The Tomorrow Project
The Tomorrow Project was set up in 2012 in direct response to a local community in need and struggling with the devastating aftermath of suicide. it is a confidential suicide prevention project set up to support individuals and communities affected by suicide. Suicide is a decision that someone makes to end their life when they feel overwhelmed by their circumstances, when the struggles they face seem too difficult or painful or they have ran out of options.
Please download the PDF below for a guide on how to find the Tomorrow Project.
When you access the service, you can expect to be met by one of the friendly and welcoming staff with a hot drink in hand, who will be there with you through what might feel as the most difficult and darkest of times.
Tomorrow Project offer specialised emotional and practical support. This can mean a great deal of different things to different people and will be shaped by you and your needs. Grief is as unique as you are, and everyone will be affected in their own way.
They will start by contacting you through your preferred means of contact, and after a quick chat they will book your first appointment. They have two meeting places in Leicestershire; however, they will be flexible and work with you to find an alternative location, if this is what is best for you. They also provide information and advice for your family and friends, support that is tailored to groups and communities through the form of local drop-ins, guidance with media requests and support at the Inquest.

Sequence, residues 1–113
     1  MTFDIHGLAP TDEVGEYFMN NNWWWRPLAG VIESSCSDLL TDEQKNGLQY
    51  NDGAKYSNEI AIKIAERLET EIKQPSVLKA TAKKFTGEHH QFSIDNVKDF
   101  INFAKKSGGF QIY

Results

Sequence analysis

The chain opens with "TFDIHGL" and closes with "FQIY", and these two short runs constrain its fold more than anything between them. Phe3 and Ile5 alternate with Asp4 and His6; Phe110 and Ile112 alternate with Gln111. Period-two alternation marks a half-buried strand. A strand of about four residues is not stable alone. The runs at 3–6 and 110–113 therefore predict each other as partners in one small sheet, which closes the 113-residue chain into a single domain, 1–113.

They accept all forms of referrals and enquiries, including self-referrals. They will support everyone who might be struggling following a suicide, of any age and with any relationship to the person they lost, including first responders and others who may not acknowledge a relationship but have been affected by the loss.
Ana is our Suicide Bereavement Service Manager. Before joining Harmless as a research intern looking at the psychological functions of self-harm, she volunteered with The Housing First Project in Lisbon, an innovative approach to end homelessness. In 2017 Ana joined the small team at The Tomorrow Project, supporting the people bereaved by suicide in Nottinghamshire. Since then she helped the service grow and now manages the new teams supporting the people of Leicestershire, Derbyshire, and Lincolnshire too. Ana still provides clinical front-line support, something she will always continue to do.